Now we’re making the 2+-hour drive back to Ternopil. The drive would be faster except that the road is so roughly. Sometimes the car must slow to a crawl to navigate the potholes. And then there can 1-2 lengthy stops as you wait to clear a construction zone. They are trying to repave the road but simply don’t have the resources to do what is necessary to stay on top of the job. At the rate of repair, they will never have a completely repaired road. It displays the economic challenges this nation faces. The drive beats up any vehicle that traverses it. They are an industrious people. May the Lord pour His Spirit and blessing on this great nation.
We should get home around 4:30, and then I will be collected at 6 p.m. for tonight’s meeting.
Sunday morning: Last night’s meeting in Ternipol was held at another church with larger facilities. A solid 200 people gathered from a variety of churches in the area, and were eager for the Lord and His word. The Lord’ grace was on the ministry of the word (Heb 12), and afterwards a good number came forward to express their response and identification with the message. The presence of the Lord in the midst was very strong and sweet. That’s best of all!
Sunday evening: This morning I spoke on the Secret Place, and sensed the Lord’s help in a clear way. I tried to present it in a way that wasn’t confronting but enticing. Afterwards, if the desire for prayer at the end was any measurement, the folks responded very warmly to the message. Almost everyone in the room came forward for laying on of hands, for fresh grace upon their secret place.
Saturday: I’m leaving the house at 5 a.m. today to grab an early morning flight to Newark, NJ. This Sunday I will be ministering for my first time at House of Mercy Mission in Newark, NJ. I’ve not met the pastor before, to my knowledge. He sent an invitation through our site. So I’m looking forward to making new friends in Jersey this weekend. This is a Sunday morning ministry only, and then I plan to return home Sunday afternoon.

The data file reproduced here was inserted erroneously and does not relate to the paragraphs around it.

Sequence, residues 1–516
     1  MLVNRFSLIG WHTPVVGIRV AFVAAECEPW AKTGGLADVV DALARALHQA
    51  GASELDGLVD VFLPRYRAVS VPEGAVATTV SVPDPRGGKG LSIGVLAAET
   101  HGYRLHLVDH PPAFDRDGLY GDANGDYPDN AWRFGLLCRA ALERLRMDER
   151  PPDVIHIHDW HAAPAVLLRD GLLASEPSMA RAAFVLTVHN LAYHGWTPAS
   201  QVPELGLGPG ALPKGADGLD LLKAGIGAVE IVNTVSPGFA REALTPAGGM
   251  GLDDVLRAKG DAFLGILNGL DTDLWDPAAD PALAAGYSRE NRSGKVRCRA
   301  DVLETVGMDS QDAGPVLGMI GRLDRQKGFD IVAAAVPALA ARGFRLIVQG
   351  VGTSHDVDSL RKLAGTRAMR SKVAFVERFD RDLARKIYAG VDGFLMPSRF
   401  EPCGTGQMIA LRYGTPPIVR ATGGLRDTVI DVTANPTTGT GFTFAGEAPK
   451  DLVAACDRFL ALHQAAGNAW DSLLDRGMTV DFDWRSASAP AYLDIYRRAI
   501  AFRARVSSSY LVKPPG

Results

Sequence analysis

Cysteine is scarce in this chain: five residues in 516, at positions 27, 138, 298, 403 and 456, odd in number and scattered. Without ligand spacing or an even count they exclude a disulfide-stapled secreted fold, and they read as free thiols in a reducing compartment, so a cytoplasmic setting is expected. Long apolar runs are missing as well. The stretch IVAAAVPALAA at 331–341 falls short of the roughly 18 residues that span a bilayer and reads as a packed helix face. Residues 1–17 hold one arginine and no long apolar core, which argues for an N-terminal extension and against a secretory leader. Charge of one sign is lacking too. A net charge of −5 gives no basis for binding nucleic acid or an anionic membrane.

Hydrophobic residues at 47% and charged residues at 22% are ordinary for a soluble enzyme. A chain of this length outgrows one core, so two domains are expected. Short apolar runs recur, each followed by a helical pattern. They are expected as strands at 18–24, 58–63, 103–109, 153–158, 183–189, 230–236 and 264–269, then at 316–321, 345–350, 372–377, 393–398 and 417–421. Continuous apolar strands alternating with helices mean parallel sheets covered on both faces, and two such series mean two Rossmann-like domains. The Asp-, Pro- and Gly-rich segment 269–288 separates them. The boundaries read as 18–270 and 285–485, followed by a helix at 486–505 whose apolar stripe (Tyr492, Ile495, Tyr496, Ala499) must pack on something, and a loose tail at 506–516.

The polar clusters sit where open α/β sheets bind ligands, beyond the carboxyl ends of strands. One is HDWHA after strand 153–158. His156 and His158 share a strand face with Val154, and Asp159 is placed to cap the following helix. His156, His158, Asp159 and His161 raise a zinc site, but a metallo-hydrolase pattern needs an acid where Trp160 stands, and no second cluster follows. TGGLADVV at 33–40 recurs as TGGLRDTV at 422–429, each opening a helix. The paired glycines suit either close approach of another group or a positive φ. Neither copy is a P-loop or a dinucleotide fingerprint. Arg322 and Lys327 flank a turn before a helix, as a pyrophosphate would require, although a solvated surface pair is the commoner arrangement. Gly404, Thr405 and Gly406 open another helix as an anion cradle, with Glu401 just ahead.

Sunday 5:00 pm: Greetings from the Newark airport, where I am rebooked on a different route home because my flight to Detroit is delayed. Delta has a lot of delays today and I don’t know why. Anyways, I’m now routing through Atlanta and Lord willing should make it home tonight.
I’ve had a blast with the saints at House of Mercy Mission. Marvelous saints. So sincere in their love for Jesus, so delightful in fellowship. Already they’re talking like they want to do this again, smile. The Lord enabled me in delivery. The sound system seemed real questionable, but in the end the guy got the sound working quite satisfactorily. The Lord is good.
Sunday 5:00 pm: Greetings from the Rochester airport, where we are boarding in a couple minutes. We had a great time this morning at Elim Gospel Church. The Lord graced me to speak on Naomi’s Redemption Story. Second service was much easier for me, I had a better flow, having done the sermon once already. I was able to relax in second and just go with it. There was a sweet response afterwards, with several coming forward in each service for prayer ministry. Marci and I are heading for home with grateful hearts.
Thursday: Today Marci and I are flying to Rochester NY in preparation for a weekend of ministry on the Elim campus in Lima, NY. After graduating from Elim Bible Institute 36 years ago, I’m returning to speak at this year’s graduation ceremonies.
Here’s an overview of the weekend as best I can see it:
Here’s the messages on my heart for this weekend:
Friday 11:00 pm: Marci and I are having a grand time with our Elim family. Reconnecting with old friends, making new friends. Tonight’s Baccalaureate service was graced of the Lord. At the close of the message, a bunch of the students came forward to express their wholeheartedness for the Lord. We ended up having around 15-20 minutes of response time around the altar, which was very sweet, and not typical for a college Baccalaureate. I told stories, personal stories. Ended with the baseball film. Good responses to the message.
Saturday 4:30 pm: We had an excellent Commencement Service just now. Great spirit in the midst, much hope and expectation for the future, much looking to the Lord for help and guidance, a very sweet spirit of worship. The Lord graced me to speak on Jesus’ most common teaching. It was a great honor for me to be the speaker for the class of 2017. The Lord is good!